We should, in reality, be keeping this beauty to ourselves – but hey, it’s for charity! It’s a vintage Cathrineholm coffee pot in the white on orange Lotus pattern.
It’s up for sale by & in support of St Luke’s Hospice, Sheffield* and it’s in really lovely condition. The starting price is only £39.99, but I’m sure it will have a bid by the time this post is live. Cathrineholm coffee pots in this colour and condition regularly sell for around £135 – and the prices keep going up!
*St Luke’s Hospice, Sheffield cares for adults of all ages throughout Sheffield who have life-limiting illnesses and support their families. They’re a charity, and all their services are free of charge.
It was written not only with Greta’s close cooperation, but with extensive contributions from her – in the form of interviews, added text, selection of images and so on. You really are getting to know the artist intimately.
Greta was one of the foremost Scandinavian designers of the Mid-century Modern era – in addition to which she also collaborated with many of the other great names from the period.
She had “a thorough knowledge of materials, vast technical skill, independence and originality.”
Her work has directly touched the daily lives of countless thousands with her ranges of beautiful yet practical kitchen & tableware.
She’s rightly praised for making good design accessible as she simplified the production process wherever possible, thus keeping retail prices affordable.
She’s immediately associated with the iconic Lotus cookware produced by Cathrineholm of Norway in the 1950s – ironically, the repeating leaf pattern of the Lotus range was the work of another designer – Arne Clausen.
She was responsible for the form & colours of the range – and apparently preferred the enamel without the additional decoration.
Her range of products is vast – pots, pans, plates, cruets, bowls and cutlery.
There are decorative objects too, such as candelabra & vases…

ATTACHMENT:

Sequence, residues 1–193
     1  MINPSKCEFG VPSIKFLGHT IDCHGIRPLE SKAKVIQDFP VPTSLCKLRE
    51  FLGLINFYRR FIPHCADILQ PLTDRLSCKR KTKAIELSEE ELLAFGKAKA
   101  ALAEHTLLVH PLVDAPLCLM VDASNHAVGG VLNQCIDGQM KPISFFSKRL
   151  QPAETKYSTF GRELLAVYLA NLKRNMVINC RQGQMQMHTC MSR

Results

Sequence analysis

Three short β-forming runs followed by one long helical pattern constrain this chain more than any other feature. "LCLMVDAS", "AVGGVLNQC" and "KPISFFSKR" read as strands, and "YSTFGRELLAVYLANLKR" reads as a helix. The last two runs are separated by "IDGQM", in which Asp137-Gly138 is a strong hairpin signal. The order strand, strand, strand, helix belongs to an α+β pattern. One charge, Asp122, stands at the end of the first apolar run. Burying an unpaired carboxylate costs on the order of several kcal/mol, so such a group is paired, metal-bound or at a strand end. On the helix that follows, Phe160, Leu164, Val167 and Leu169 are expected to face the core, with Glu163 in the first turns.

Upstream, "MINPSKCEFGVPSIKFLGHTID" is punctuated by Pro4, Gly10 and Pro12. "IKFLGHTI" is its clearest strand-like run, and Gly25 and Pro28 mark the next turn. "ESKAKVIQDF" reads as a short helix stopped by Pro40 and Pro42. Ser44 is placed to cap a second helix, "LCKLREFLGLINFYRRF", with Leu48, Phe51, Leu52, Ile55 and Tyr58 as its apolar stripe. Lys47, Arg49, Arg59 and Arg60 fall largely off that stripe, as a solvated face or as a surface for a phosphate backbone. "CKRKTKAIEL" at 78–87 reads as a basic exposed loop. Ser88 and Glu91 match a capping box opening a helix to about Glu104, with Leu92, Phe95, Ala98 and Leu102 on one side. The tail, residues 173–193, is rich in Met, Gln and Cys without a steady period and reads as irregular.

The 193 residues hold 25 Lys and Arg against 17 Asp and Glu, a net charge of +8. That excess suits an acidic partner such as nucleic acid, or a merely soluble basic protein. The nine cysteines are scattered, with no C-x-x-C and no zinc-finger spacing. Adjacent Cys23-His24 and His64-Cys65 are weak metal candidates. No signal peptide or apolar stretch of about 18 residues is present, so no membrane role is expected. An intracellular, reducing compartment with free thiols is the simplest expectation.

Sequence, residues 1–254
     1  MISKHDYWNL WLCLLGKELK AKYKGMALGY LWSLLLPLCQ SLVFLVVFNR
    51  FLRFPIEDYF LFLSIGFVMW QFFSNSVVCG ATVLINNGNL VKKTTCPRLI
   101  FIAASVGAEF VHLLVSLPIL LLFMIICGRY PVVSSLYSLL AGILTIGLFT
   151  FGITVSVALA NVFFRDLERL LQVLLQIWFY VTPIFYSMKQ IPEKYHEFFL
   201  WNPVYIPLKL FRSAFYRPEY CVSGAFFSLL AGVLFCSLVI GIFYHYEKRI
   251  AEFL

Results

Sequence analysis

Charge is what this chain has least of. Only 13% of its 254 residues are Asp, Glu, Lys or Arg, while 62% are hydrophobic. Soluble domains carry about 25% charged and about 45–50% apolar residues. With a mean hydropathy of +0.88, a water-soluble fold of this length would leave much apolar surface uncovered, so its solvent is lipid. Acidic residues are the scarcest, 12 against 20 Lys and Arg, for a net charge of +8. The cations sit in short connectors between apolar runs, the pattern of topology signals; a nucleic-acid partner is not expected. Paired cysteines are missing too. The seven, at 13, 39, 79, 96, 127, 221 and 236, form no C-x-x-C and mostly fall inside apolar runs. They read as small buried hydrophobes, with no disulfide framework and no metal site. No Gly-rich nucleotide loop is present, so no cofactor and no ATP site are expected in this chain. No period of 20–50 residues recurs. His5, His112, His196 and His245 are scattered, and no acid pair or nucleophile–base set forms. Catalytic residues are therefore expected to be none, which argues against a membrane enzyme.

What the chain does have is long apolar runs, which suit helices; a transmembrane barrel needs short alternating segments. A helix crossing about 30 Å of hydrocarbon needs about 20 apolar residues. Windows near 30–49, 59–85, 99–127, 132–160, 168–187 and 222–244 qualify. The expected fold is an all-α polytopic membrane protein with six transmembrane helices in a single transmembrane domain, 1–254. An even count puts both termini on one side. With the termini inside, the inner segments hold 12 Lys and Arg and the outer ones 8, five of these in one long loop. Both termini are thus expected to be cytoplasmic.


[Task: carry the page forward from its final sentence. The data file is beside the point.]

…and not forgetting the beautiful jewellery – we just love her jewellery!!
The book is very well written – comprehensive, entertaining and informative.
It’s full of wonderful archive images, product advertisements & brochures.
Also, fabulous photographs of her work – which is some feat as the beauty of enamel is very difficult to capture in print.
The book concludes with a wonderful reference section including a fully illustrated catalogue of works and chronology.
It’s a must have book for anyone who shares our passion – or is not yet familiar with her work.
This vintage orange on white Cathrineholm milk pan is currently being auctioned on eBay for Charity. It’s been listed with just a single photograph which shows a bit of scorching to the wooden handle. However, the enamel looks to be in very good nick. It’s for sale by & in support of Middleton Elderly Aid over in Leeds.
Unfortunately, they’ve spelt Cathrineholm wrong and haven’t mentioned the Lotus pattern. Hopefully potential buyers will find it despite this. Perhaps this is why it’s top bid is still only 99p despite being on eBay for Charity for two days and counting. The current going rate on eBay at the moment, for examples with a bit of wear & tear, is about £20.
Currently, in addition to the milk pan, Midleton Elderly Aid also have listed a matching medium-sized saucepan and skillet/frying pan – both in similar condition. If you bid on and win all three, postage costs will tumble!
*Middleton Elderly Aid intends to promote independence amongst the over-60s population of the Middleton area through a range of activities and services.
Amongst the items of fresh stock for next week we’ve got some lovely Cathrineholm pots & pans that we recently picked up.
This range of enamelware was designed by Grete Prytz Kittelsen in the 1950s.
Grete Prytz was born in Norway in 1917 to a famous, Oslo-based family of goldsmiths.
Between 1936 & 1941 she studied at the National College of Arts & Crafts. After graduating she went to work for the family firm designing jewellery and metalware.
Enamelling was a Norwegian speciality in the early years of the 20th century, a technique which Grete revived, drawing on the family’s expertise in this field. Characteristic of her designs were the abstract motifs and striking colours such as her Lotus range illustrated here.
There was an exhibition of her work at the National Museum of Art, Architecture and Design (Nasjonalmuseet for Kunst, Arkitektur og Design) in Oslo until the end of August 2008. There is also a book/catalogue to accompany the exhibition available here.